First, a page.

The objective of the design-oriented research is to determine whether and how supervision by the AP could be more efficient and effective if the so-called horizontal supervision principle were applied. The research is based on an extensive literature study and validation with experts in the field. The research is currently in the completion phase in which the results will be further validated, after which the thesis can be written.

One of the results of the study is that (horizontal) supervision can be effective if organisations and supervisory authorities invest in three aspects: understanding, trust and transparency. This is a good result, but privacy by design as a philosophy still offers few concrete handles for organizations to get started themselves. Using the design science approach, the insights have been translated into a privacy control framework. This provides organizations with an instrument with which to safeguard their privacy interests and the supervision thereof.


It seems obvious that when developing information systems, including the GGD registration system, privacy by design should be taken into account. In this digital era, you can't do otherwise if you strive for sustainable solutions in which all the interests of stakeholders are properly safeguarded. This line can also be extended to the phase in which the system is actively used (the 'management phase'). In practice, this does not always happen.

Properly dealing with privacy interests requires periodic evaluations to determine whether the system is still adequate and compliant. Based on the aforementioned study, we conclude on the one hand that privacy by design is a somewhat vaguely formulated approach, and that a translation into a privacy control framework helps to give it concrete substance.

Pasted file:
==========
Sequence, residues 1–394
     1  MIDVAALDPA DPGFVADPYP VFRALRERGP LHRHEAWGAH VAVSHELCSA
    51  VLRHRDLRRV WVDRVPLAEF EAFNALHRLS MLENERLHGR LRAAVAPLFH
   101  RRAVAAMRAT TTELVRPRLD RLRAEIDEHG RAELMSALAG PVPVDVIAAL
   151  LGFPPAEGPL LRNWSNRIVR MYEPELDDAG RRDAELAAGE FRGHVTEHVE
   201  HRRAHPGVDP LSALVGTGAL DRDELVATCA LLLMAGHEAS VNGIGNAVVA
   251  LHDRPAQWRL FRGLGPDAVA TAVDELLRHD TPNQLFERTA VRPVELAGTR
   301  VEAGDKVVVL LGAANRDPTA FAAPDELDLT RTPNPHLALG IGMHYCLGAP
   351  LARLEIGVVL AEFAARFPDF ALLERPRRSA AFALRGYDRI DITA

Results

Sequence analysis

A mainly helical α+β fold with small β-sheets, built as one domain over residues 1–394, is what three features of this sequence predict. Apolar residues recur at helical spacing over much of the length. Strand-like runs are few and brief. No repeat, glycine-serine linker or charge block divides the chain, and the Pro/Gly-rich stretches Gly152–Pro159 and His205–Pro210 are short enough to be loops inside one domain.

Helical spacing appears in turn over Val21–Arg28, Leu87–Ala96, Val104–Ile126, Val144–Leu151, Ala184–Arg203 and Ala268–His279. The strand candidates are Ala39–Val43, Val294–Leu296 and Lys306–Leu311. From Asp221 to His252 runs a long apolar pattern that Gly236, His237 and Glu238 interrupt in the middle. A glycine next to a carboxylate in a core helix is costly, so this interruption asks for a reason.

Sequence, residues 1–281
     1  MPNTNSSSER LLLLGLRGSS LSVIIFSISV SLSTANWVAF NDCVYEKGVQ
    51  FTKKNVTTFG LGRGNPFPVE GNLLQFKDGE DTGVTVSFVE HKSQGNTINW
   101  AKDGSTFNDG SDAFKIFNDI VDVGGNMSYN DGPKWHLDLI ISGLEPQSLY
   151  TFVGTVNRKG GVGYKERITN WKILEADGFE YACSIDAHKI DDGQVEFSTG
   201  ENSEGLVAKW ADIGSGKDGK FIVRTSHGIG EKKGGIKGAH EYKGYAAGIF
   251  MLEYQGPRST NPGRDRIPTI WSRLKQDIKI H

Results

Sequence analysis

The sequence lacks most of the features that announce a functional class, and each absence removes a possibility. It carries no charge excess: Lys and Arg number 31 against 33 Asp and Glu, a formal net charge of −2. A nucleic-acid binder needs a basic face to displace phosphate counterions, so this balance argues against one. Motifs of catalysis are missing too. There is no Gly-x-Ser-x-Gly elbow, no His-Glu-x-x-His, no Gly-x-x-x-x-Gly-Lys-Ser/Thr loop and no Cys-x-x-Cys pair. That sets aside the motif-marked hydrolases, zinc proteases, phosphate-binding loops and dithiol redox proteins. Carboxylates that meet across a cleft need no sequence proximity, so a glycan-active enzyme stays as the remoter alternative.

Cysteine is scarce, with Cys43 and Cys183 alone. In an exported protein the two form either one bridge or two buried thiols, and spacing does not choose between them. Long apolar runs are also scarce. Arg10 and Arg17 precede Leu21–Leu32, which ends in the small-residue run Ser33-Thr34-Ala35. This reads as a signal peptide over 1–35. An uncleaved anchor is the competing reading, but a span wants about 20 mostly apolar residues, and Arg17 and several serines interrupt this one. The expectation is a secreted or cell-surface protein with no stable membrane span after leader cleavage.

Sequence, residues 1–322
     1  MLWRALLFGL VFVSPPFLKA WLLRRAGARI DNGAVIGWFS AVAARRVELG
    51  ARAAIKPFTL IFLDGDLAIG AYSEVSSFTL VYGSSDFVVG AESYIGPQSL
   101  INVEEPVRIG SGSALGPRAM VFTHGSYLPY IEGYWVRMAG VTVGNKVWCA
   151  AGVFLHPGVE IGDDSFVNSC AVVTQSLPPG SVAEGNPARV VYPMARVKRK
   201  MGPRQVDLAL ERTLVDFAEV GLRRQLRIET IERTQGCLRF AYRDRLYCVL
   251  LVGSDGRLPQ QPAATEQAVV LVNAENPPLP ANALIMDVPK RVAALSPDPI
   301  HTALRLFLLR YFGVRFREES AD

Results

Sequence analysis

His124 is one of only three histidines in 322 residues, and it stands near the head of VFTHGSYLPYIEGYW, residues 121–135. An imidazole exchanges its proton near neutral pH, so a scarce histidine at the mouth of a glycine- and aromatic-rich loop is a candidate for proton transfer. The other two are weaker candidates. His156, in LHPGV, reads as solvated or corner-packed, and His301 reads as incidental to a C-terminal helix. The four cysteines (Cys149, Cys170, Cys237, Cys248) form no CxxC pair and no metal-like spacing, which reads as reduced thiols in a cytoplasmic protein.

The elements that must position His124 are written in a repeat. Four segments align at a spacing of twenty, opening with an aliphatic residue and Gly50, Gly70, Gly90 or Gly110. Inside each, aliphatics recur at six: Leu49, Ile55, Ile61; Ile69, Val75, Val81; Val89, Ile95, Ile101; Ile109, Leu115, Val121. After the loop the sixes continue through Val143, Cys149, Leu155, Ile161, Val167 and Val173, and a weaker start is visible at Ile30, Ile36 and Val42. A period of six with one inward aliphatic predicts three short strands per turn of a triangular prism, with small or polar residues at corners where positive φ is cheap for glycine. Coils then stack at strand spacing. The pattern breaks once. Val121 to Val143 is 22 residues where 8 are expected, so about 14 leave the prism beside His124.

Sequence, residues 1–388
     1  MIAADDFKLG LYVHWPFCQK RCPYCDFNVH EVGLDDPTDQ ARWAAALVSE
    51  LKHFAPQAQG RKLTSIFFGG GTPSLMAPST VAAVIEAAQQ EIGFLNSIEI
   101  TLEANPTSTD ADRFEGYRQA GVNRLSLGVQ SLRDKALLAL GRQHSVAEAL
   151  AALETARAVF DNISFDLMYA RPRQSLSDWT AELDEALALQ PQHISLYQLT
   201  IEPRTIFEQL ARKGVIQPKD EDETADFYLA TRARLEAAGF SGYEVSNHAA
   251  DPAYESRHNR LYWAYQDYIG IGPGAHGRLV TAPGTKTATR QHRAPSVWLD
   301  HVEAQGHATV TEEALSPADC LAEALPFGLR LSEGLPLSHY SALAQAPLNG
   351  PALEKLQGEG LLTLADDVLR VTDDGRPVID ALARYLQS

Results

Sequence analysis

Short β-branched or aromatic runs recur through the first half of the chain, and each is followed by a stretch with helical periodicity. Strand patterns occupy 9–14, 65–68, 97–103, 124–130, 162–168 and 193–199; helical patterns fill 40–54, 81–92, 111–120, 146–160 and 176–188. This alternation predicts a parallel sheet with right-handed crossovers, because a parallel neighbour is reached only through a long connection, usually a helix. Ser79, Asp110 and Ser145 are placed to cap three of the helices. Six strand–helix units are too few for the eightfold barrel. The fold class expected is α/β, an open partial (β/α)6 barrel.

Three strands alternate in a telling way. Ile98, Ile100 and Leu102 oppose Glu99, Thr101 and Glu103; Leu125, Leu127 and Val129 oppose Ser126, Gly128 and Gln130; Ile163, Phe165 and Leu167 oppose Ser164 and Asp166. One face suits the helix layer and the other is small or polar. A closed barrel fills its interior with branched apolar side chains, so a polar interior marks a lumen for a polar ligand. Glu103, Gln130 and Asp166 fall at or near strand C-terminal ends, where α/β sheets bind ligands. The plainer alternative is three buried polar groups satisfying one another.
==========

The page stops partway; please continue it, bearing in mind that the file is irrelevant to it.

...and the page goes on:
The first piece of advice is: make sure you don't go overboard with new measures! The pitfall is to regulate the system so tightly, for example by deactivating functions or allocating authorisations to a minimum, that this creates an inflexible work situation and considerable bureaucracy. The crux is to find a balance here, strict where necessary, flexible where possible.

A second recommendation is that, once the crisis has been averted, research should be carried out into how the AP's supervision can be made more effective and efficient. Horizontal supervision could be an interesting approach. This would require organizations and the supervisory authority to work on the criteria of understanding, trust and transparency. This will require an investment in the Office because it will have to work on fulfilling its advisory function and acting as an "authority" for organizations that have questions.

Our research can be a first step towards the practical application of privacy by design and the possible application of horizontal supervision. The perspective offered by this is firstly to prevent unlawful use of information systems, but also to relieve the supervisor in its heavy workload.